I looked, and there before me was a pale horse. Its rider was named Becker, and Lynch was following close behind him.

The Zealot of Union Township, ever-paranoid and stabbing at shadows, has finagled a new scheme to turn Ohio into a Voter Photo ID state.

Remember all those times you risk felony indictment by stealing your neighbors’ bills to impersonate them at the ballot box, scheming for one more vote for the winning team? No? Neither does anybody else, because nobody does that.

But because it never happens is not enough to dissuade state Reps. John Becker and Matt Lynch, R-Chagrin Falls, from attempting to force the state’s hand on a problem that doesn’t exist, and risk disenfranchising hundreds of thousands of poor Ohioans. Buoyed by the Ohio Christian Alliance, they are collecting signatures to put the matter before the Ohio House.

Nevermind that Ohio Secretary of State Jon Husted put two in the head of an earlier Voter Photo ID proposal (and faces a tireless voting rights activist, state Sen. Nina Turner, in November). Nevermind that the Senate voted it down. Nevermind that a paragon of political neutrality, the League of Women Voters, vehemently opposes Voter Photo ID. Becker and Co. see a grand opportunity to puff themselves up and make a really futile and stupid gesture. They’re just the guys to do it.

The central indignity of the Voter Photo ID debate is that it’s a debate at all. The simple consensus should be that all eligible Americans should have available and equal access to the voting booth, as conveniently as possible, and the votes should be counted independently and fairly. That’s pretty basic for any democratic representative republic.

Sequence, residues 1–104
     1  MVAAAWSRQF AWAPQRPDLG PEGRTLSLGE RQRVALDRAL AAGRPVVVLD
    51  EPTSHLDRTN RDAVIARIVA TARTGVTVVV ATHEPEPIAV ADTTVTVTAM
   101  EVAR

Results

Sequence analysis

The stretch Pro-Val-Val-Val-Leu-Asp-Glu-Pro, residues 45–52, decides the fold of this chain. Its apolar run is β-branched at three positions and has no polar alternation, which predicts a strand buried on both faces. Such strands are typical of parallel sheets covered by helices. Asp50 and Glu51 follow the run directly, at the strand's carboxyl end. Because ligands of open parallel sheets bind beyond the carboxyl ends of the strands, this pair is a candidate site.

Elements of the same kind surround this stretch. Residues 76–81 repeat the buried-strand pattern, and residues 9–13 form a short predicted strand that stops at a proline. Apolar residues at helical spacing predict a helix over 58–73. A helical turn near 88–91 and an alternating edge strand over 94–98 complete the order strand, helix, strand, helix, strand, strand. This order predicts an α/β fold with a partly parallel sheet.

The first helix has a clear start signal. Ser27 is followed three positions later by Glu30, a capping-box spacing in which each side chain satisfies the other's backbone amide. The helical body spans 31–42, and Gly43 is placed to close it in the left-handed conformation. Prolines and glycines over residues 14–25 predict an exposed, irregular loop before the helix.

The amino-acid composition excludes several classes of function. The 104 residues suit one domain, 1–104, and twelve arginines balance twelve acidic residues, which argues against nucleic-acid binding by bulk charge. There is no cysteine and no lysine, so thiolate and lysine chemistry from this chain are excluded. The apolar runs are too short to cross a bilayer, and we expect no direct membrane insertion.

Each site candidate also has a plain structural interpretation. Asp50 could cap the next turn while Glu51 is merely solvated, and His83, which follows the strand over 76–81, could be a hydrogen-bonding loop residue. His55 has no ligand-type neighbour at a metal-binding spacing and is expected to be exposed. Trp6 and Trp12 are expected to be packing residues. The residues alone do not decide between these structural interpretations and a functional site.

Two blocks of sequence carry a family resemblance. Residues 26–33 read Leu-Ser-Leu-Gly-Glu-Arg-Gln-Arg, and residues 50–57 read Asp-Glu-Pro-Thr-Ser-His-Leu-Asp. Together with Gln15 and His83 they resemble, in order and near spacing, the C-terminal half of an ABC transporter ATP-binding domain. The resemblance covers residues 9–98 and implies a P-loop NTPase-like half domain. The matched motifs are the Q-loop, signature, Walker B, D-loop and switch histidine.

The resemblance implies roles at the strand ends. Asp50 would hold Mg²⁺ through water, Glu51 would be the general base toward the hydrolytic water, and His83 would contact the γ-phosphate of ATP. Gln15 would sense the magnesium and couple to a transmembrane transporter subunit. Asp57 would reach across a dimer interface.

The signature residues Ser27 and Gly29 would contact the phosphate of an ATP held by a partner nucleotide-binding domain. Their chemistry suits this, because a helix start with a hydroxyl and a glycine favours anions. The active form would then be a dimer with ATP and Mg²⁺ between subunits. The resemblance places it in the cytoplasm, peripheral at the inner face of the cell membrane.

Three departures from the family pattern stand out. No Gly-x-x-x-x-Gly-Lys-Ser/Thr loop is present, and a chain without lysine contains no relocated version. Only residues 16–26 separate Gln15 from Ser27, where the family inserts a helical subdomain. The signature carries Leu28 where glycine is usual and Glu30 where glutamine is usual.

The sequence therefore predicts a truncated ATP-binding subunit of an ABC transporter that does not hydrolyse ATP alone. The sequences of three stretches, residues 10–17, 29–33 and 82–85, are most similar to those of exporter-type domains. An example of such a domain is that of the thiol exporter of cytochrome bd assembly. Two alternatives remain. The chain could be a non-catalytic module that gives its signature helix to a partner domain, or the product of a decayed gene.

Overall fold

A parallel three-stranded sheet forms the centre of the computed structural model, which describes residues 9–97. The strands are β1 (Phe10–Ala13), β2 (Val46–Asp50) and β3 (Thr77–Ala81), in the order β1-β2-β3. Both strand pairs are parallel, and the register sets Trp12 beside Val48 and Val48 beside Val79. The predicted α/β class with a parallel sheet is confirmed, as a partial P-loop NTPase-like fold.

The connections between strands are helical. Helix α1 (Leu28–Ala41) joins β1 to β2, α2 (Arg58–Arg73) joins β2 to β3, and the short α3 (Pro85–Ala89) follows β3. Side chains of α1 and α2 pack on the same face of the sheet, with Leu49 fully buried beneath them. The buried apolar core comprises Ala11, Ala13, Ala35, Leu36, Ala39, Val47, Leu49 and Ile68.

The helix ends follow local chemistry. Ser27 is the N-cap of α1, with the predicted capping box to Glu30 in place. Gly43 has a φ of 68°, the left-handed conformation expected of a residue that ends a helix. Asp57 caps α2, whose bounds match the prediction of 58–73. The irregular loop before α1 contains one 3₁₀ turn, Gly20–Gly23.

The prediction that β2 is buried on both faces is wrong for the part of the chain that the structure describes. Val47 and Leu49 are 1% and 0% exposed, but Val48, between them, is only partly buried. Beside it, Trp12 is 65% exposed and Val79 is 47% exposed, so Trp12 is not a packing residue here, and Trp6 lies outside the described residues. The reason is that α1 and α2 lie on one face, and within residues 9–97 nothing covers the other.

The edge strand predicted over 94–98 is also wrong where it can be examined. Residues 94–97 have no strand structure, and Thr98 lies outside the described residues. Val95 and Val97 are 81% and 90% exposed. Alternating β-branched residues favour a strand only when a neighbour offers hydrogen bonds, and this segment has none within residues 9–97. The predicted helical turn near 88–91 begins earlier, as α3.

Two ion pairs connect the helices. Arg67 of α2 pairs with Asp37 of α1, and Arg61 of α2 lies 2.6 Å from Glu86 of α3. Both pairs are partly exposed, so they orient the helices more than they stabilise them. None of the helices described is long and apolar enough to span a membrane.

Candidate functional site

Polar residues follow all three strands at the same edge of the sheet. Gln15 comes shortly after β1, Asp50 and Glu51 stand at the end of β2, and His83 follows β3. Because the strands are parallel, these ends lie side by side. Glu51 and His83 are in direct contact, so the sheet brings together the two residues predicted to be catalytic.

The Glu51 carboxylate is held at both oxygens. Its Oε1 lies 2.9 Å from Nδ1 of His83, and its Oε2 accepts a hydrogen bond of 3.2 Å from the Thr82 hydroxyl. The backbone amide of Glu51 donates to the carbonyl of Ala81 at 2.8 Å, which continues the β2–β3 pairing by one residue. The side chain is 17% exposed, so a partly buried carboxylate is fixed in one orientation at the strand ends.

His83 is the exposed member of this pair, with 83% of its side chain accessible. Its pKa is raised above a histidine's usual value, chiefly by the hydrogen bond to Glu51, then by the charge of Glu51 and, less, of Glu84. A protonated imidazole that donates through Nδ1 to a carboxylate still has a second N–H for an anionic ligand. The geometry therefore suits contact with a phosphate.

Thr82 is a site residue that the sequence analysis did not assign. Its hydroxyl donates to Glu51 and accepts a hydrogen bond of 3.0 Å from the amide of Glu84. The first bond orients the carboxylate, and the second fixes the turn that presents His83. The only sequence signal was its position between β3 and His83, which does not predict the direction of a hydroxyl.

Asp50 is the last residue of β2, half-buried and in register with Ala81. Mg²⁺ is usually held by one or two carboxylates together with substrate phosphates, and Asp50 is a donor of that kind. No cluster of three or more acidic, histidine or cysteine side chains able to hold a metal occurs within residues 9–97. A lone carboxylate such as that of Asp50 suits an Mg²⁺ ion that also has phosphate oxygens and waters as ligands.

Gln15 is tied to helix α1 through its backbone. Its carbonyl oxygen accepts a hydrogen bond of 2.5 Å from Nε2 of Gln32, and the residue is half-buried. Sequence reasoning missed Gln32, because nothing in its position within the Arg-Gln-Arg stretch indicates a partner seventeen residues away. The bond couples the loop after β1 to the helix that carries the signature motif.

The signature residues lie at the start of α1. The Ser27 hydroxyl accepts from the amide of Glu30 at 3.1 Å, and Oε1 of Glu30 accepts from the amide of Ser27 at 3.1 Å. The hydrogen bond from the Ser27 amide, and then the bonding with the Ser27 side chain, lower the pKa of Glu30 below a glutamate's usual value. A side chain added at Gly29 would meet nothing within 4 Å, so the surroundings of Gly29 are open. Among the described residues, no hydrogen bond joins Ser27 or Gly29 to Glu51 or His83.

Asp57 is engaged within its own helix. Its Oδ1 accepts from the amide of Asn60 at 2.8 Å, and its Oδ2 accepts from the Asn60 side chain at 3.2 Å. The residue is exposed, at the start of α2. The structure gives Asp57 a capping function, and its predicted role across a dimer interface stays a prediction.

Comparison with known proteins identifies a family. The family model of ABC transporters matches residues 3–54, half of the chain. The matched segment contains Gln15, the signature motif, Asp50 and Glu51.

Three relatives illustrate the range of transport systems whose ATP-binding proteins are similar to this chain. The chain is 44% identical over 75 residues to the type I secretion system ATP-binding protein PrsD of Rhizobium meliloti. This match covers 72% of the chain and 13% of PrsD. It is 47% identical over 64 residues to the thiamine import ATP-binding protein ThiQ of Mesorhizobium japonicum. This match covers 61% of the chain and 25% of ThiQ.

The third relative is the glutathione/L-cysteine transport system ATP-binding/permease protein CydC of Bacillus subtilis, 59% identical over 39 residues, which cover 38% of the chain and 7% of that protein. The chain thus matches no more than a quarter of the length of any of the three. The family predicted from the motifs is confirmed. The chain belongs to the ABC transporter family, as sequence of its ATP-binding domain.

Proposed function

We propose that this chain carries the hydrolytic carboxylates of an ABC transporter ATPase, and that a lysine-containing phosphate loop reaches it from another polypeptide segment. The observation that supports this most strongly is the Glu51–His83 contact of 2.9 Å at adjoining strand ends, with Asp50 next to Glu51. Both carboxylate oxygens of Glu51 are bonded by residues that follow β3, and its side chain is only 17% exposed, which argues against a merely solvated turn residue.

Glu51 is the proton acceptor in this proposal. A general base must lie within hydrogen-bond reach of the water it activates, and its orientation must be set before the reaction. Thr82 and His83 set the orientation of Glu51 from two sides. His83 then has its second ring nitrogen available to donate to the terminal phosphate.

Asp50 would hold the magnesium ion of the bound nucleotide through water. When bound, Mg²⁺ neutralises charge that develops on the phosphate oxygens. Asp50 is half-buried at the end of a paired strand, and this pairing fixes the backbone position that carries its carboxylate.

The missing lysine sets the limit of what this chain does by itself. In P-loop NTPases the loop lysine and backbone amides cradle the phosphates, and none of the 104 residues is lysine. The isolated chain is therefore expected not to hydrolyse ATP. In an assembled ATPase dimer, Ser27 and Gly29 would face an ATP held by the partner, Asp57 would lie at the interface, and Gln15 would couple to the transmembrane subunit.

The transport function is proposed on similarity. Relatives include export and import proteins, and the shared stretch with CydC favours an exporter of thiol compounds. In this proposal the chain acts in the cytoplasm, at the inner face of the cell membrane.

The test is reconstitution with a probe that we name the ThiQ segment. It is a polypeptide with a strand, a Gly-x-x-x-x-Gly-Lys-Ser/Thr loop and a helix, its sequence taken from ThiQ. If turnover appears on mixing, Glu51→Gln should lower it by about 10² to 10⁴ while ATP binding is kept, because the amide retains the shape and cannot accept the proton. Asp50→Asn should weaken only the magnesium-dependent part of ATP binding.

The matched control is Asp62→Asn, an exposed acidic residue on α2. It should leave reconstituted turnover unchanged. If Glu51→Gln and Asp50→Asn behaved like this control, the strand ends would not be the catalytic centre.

Of course, American history is a long bout of parry and riposte for and against the franchise. Andrew Jackson abolished property qualifications. The Civil War resulted in the constitutional extension of the franchise to non-white men. Women were granted voting rights less than 100 years ago. The Voting Rights Act, a masterstroke of legislative ingenuity and a salvo against a record of despicable injustice, was passed not even 50 years ago, though the Supreme Court decided last year as an early anniversary present to hammer out its teeth. Many wars were fought by conscripting 18-year-olds while denying them the right to vote.

The struggles to gain access to the polls and democratically participate in our self-government were often violent, and fought by good, regular folk, standing up to institutional inequality and demanding lawfully guaranteed civil rights.

Cher can’t turn back time and neither can we but we sure as hell don’t need to swallow the poison pill of Photo ID Becker and Co. offer with a spoonful of sugar, and turn our backs on the rights and access we’ve won.

We can reject bromides about “protecting things we value,” like a 3-year-old warning us to beware the boogeyman in the closet, the monster under the bed, and the floor that has suddenly and inexplicably turned into lava. These things are fantastical paranoias, as is voter identification fraud.

In fact, in most circumstances where voter fraud occurs, the voter in question has voted twice, or attempted to, both times as themselves, not someone else. The Brennan Center for Justice at the New York University Law School has shown time and again that while electoral misconduct needs addressed, photo identification would solve nothing.

The people of our self-government owe ourselves a good, honest conversation about what we can do to strengthen our elections, have all of our voices heard, and how we can inject as much democracy into our republic as possible. For us as an American family, it’s a dinner table conversation worth having, though it’s tough to get a serious dialogue going when the talk revolves around John Becker mimicking the sounds of flatulence with his hand in his armpit.